And compared to UFO Defense's tech progression, where you go from modern soldier redshirt, to star trek redshirt, to redshirt disguising themselves as aliens, EU/EW's progression goes from Call of Duty soldier, to near-future soldier/space marine light, to full on space marine.

2.)EU/EW Reconstructs UFO Defense's Deconstruction
To quote the TVTropes page:
Quote
[XCOM in general is a] Deconstruction of children's cartoon series such as G.I. Joe and Transformers. X-COM is a team of elite soldiers who wear cool-looking armor and have a fancy Cool Ship that they travel the world in to save the world from goofy-looking aliens... and then suffer a relentlessly high fatality rate, crippling technological inferiority, and severe funding troubles. Anyone Can Die, often in rather brutal ways, and 50% or higher casualty rates are common in successful missions, with failures usually resulting in no survivors whatsoever. The cool-looking armor is good for little else besides appearance. The Cool Ship costs ludicrous amount of money to lease and is completely unarmed. The goofy-looking aliens outnumber us over a thousand to one and have technology that outstrips ours to such a degree that X-COM might as well be fighting them with sticks. The Man in Washington will happily cut funding at the drop of a hat, even if there's a UFO landing outside the White House. It is not a very pleasant situation.

A rather accurate assessment, when you think about it.  The thing is, if you look at EU/EW, it is actually a reconstruction of that very thing.
X-COM is a team of elite soldiers who wear cool-looking armor and have a fancy Cool Ship that they travel the world in to save the world from goofy-looking aliens.  However, even though the risk of death is ever present, to the point where you can have 50% casualties or higher, unlike UFO Defense where the only counter is to send as many people as possible to increase the chances of someone surviving, EU/EW's can be countered via smart tactics, proper skill usage, a cool head, and a little bit of luck.  The cool-looking armor is actually useful this time around, and can actively save a soldier's life to the point of preventing downtime via injury.  The Cool Ship still costs money, but you only have to worry about the one, and it is impossible to actually lose it.  You also get to see the Cool Ship in flight, so that's a bonus (Wooooosh! Grin ).  Sure, the aliens outnumber us, with technology that is leaps ahead of ours, but we have the ability to adapt, both in physical growth and in technological know-how, with even our less experienced soldiers and weaker weapons still being useful in a pinch.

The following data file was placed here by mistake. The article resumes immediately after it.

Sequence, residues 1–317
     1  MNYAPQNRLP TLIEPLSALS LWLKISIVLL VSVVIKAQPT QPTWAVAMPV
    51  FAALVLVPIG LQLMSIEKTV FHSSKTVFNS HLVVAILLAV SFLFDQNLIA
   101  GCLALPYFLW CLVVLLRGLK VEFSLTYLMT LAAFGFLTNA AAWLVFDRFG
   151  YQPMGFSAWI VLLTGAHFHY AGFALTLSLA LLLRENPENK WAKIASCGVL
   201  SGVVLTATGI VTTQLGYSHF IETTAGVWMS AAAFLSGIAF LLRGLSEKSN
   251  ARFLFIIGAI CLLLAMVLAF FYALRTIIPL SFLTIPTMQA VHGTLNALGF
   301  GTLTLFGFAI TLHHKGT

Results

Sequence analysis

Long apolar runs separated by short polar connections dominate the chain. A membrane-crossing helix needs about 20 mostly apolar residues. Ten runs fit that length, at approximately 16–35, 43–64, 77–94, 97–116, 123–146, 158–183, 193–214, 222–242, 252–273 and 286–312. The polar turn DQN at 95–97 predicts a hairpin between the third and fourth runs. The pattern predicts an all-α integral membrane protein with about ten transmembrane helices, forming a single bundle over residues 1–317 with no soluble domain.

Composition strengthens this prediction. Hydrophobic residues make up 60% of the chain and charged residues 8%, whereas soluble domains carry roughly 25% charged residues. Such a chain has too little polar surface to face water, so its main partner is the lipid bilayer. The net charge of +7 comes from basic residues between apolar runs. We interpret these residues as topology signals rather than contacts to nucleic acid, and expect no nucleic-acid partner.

And even the man in Washington, the very council of vague shadow baldness, is remarkably understanding of our difficult situation, and is constantly giving us encouragement, even if we are not doing as well as we could be, to the point where they have to be in complete full blown panic to pull out of the project.
It is not a pleasant situation to be sure, but there is much more hope in EU/EW, which is further reinforced when you bring in the Genetically-enhanced supersoldiers and the large robot suit with the rocket fist.  It might be a hard fight, but with courage, smarts, and a little bit of elbow grease, we can, and will, overcome.

Just something to chew on.  I need to take walks more often.

 7 
 on: October 22, 2014, 11:30:22 AM 
Started by Mister Andersen - Last post by Mister Andersen
http://s8.org/gargoyles/askgreg/search.php?qid=17076

Quote
The Animated Stargate: The Hunted should make use of what animation does best. We should open up the scope of what we're creating. It's as easy (and cost-effective) to paint a truly otherworldly background, as it is to draw one that looks like it could be found somewhere near Vancouver. So we want weird environments: underground cities, water worlds, cloud deserts or whatever. It's also as easy to design a truly alien alien as it is to draw one whose look could be achieved by a human wearing great make-up. We want inhuman aliens (although not so weird that they're unrelatable to our audience, unless that's the point of a specific story). Similarly, new alien technology should be shocking and stunning
.

There are some interesting -- and truly terrible -- ideas within, but the entire basis of the series seems to fly directly in the face of how SG-1 -- the version of the franchise upon which the series would have been based -- established the structure of the gate network

 8 
 on: October 22, 2014, 10:09:23 AM 
Started by Mister Andersen - Last post by Soulcatcher
Lovely Little Thieves, a horror visual novel.  They have a demo, link at the KS page.

 9 
 on: October 22, 2014, 10:01:30 AM 
Started by Morgenstern - Last post by MilitiaJim
Any news on this front?
We have cider to go with the marshmallows.  (There is a campfire, there must be marshmallows.)

 10 
 on: October 22, 2014, 09:58:41 AM 
Started by Morgenstern - Last post by Gatac
Any news on this front?